Facts on the ground don't tally with China euphoria
By Simon Hunt
May 2009:- There is a chorus of optimism that China’s growth will approach the government’s stated objective of more than 8% this year. Many analysts are thus becoming increasingly optimistic and stock and metal markets are surging. Inconsistencies with the reported data, however, call for more caution about growth prospects than the consensus is prepared to accept. Official data will undoubtedly match government’s objectives but the real issue will be both the quality of that growth and what it actually means.
Reasons why a more cautious view should be adopted and we are sceptical that China will grow by 8% to
8.5% this year are:
1. Electricity consumption fell by 4% in the first quarter, year-on-year and 3.6% in April.
2. OECD leading indicators point to downturn in the first half of this
3. Exports in tonnage terms probably fell by around 25% in the first quarter and has continued to slide.
4. Private sector investment and consumption will suffer from continued export
5. Wu Dongying, Director of Baosteel’s Economic and Management Research Institute said: “This government investment cannot make up for the drop in private sector investment.”
6. Cao Jianhai, professor at the Chinese Academy of Social Sciences and, known as an expert on property, believes that real estate prices may halve over the next two years. Average urban prices were down by 1.3% in March, year-on year. Sales are rebounding from depressed levels, but Mr Cao believes that the rebound is unsustainable. It is being driven by short-term government support policies, unrealistic expectations and some fraudulent behaviour, he warns.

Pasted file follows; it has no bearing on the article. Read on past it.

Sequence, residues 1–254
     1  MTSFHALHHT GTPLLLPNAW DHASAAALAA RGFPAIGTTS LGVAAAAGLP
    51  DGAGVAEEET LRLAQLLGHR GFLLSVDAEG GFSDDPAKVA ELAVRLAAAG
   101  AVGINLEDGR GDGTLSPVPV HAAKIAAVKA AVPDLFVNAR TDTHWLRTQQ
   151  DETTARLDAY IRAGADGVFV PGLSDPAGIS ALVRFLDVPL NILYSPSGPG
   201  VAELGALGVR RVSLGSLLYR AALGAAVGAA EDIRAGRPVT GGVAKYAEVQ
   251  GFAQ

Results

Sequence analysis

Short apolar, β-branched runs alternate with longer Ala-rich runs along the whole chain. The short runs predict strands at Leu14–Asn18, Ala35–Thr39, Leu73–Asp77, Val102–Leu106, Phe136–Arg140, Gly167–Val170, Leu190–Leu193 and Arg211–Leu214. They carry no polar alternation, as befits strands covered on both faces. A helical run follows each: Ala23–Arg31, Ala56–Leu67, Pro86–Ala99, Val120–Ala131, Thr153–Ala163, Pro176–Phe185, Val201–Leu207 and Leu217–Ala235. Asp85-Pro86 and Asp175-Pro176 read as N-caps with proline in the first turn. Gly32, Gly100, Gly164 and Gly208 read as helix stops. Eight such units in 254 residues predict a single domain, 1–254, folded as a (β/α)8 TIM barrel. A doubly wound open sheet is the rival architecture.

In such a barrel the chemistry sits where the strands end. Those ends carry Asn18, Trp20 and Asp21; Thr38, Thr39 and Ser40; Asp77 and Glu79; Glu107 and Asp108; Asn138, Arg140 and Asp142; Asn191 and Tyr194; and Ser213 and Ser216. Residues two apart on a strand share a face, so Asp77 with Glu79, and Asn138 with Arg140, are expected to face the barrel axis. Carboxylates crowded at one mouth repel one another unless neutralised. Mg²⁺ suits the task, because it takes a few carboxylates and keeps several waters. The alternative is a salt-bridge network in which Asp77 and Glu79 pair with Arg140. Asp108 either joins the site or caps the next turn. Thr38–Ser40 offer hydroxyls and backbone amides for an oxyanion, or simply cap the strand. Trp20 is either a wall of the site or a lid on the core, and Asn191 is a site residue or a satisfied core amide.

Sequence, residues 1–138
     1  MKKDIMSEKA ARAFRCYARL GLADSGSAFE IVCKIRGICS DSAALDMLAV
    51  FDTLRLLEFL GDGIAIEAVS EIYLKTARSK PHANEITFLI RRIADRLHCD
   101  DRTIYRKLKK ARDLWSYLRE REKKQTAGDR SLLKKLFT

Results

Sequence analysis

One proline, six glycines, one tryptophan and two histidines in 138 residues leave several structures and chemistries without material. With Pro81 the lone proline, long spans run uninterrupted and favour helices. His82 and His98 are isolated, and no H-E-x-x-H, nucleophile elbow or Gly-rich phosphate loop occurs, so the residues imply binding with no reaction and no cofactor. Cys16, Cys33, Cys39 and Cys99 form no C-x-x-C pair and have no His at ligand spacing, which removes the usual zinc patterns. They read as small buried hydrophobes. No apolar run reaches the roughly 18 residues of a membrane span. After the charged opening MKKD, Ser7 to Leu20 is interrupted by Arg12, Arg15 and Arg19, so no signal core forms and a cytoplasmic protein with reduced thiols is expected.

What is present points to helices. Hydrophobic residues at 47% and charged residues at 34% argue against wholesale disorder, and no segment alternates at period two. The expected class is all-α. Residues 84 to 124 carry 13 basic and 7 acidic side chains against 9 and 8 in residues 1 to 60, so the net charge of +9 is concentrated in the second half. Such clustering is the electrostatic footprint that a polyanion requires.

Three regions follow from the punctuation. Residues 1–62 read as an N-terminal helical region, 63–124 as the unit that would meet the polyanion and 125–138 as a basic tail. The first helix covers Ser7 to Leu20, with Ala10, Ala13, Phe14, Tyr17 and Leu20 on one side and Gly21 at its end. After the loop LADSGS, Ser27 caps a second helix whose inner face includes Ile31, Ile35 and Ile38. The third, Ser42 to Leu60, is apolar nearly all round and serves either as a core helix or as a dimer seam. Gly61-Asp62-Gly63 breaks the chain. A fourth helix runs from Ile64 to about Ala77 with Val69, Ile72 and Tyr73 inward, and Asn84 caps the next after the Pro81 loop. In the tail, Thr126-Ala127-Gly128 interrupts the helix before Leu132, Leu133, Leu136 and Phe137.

7. SAIC, China’s largest carmaker, said that the outlook for the full year “is not
optimistic with lots of uncertainties ahead”. Despite the recent rebound. China’s vehicle market is expected to be flat this year at 9.35 million vehicles SAIC predicts.
8. The World Steel Association forecasts a fall of 5% in China’s steel consumption this year. Steel prices in China are at a new cycle low. Angang Steel expects a large loss in the first quarter.
9. PetroChina reported a refined oil drop of 15% in the first quarter compared with last year because “domestic demand weakened.”
10. Consumer confidence remains weak. In March this year, it continued falling month-on-month and, compared with a year ago it was down by 9%. The March consumer confidence index is at its lowest since the SARS epidemic of 2003.
11. Companies have more orders on their books, but the orders are all short term.
12. “Retail sales were up 16% in real terms in the first three months compared with the same period last year. However, these retail-sales data include government and corporate purchases, which have both been boosted by stimulus measures. “
13. “Anecdotally, many retailers say sales growth started to slow after the Olympic Games in August 2008, and that this year is tough.”
14. “With scarcely any wage growth likely this year, it is difficult to see consumption continuing to expand at the double-digit pace, it maintained from 2004 to 2008.”
Simon Hunt Strategic Services visits China regularly and has numerous internal contacts
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